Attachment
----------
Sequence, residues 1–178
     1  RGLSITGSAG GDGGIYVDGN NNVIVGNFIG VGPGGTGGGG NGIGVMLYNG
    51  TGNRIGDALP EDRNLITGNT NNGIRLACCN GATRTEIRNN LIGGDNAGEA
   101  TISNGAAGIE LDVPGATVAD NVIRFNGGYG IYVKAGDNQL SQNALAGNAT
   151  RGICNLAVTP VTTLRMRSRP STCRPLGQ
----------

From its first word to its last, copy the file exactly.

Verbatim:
Sequence, residues 1–178
     1  RGLSITGSAG GDGGIYVDGN NNVIVGNFIG VGPGGTGGGG NGIGVMLYNG
    51  TGNRIGDALP EDRNLITGNT NNGIRLACCN GATRTEIRNN LIGGDNAGEA
   101  TISNGAAGIE LDVPGATVAD NVIRFNGGYG IYVKAGDNQL SQNALAGNAT
   151  RGICNLAVTP VTTLRMRSRP STCRPLGQ